Vogue 1232 – Not Your Typical African Wax Print Skirt
This was a fun project. I enjoyed researching possible skirt styles and the sewing process. For months I’ve thought about making something with a African wax print fabric. So when I received the e-mail about the January challenge, it was a welcomed surprise. Perfect in that it would help me to decide on a print waxed cloth garment.
My print, of course, was this beautiful orange, green, and blue clothe with a diamond motif. The fabric was so easy to work with. It presses with the slightest of ease. I actually finger pressed the hem as I sewed it with no trouble at all. The clothe is smooth to the touch and has a lot of body. Perfect for the drape of the skirt. There are several beautiful prints and colors to choose from.
I follow a few people on Instagram, who post pictures of all types of garments. Then one day, I saw a picture of Queen “B” in a printed skirt and a striped cold shoulder top.
I liked it a lot and thought it’s not your typical skirt. Of course, I had to bring the sexy down a bit. But it’s definitely a winner. So I searched through the many boxes of patterns I own and decided to use the skirt of Vogue 1232.
The pattern is described as: Close-fitting, lower calf at center back length, lined dress has front darts, front and back princess seams, lapped fronts, shaped lower edge, gathered flounce, armhole overlay, collar with collar band, left side invisible zipper, self-fabric flower with large and small petals and pin back, self-fabric belt and thread belt carriers. It’s out of print, but still available on the website. For my skirt, I used a straight size 16. No real fit issues.
Most of the pattern pieces are from shoulder to lower hip area. So I cut it at the lengthen and shorten line just above the natural waistline. I chose this location to give me a little more flexibility in determine where I’d like to where the skirt on or above my natural waistline. The front overlapping panels are about an inch shorter than the other panels.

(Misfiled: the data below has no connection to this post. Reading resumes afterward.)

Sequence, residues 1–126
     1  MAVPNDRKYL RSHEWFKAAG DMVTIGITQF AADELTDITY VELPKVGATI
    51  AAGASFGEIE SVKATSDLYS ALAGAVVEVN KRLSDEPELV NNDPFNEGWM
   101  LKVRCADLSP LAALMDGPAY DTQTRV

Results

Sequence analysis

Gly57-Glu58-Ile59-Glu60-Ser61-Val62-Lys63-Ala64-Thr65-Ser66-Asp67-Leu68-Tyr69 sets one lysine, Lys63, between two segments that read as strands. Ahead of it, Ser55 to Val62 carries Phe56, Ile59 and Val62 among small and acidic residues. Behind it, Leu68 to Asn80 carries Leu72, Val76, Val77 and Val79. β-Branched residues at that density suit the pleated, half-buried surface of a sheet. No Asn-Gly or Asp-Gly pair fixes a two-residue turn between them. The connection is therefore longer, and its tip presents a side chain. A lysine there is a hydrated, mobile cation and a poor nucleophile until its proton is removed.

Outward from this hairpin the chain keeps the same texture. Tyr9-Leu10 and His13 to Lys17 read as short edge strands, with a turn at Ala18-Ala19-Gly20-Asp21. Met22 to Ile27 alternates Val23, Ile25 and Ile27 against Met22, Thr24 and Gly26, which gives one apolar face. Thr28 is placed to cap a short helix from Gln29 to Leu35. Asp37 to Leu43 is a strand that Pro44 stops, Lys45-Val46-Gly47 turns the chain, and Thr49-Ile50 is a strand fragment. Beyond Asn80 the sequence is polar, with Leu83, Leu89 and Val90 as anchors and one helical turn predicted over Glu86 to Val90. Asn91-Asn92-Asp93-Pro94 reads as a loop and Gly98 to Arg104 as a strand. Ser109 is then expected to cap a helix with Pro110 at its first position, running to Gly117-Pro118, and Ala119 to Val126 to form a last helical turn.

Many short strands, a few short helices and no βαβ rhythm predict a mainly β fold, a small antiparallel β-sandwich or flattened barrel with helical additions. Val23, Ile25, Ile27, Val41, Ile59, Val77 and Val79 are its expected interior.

The majority of my other changes were centered the construction of the skirt. I decided to omit the zipper converting it into a wrap skirt closing at the side front.
NOTE: There is an error on the pattern guide sheet. The illustration has the joining of skirt 17 and 18 in reverse. I sewed french seams on the skirt for a clean finish on the inside. After sewing the entire skirt together, I attached the lining where the flounce and yoke are sewn to conceal the seam. Then I based the lining and the skirt together at the top of the skirt. Instead of a facing or waistband, I attached petersham ribbon to finish the waist. To finish it off, I sewed a hook, eye, buttonhole, and button for the closures.
I really like how the skirt turned out. It is a unique style for an African wax print skirt. I don’t know if I will make another skirt. We will see.
My likes about the pattern: the flounce and the fitted yoke. No dislike, other than the confusing illustration for the skirt construction.
In conclusion, I really enjoyed the process of making this skirt. I’m thinking about making the dress. I like the style of the dress. It would look great in a linen or challis.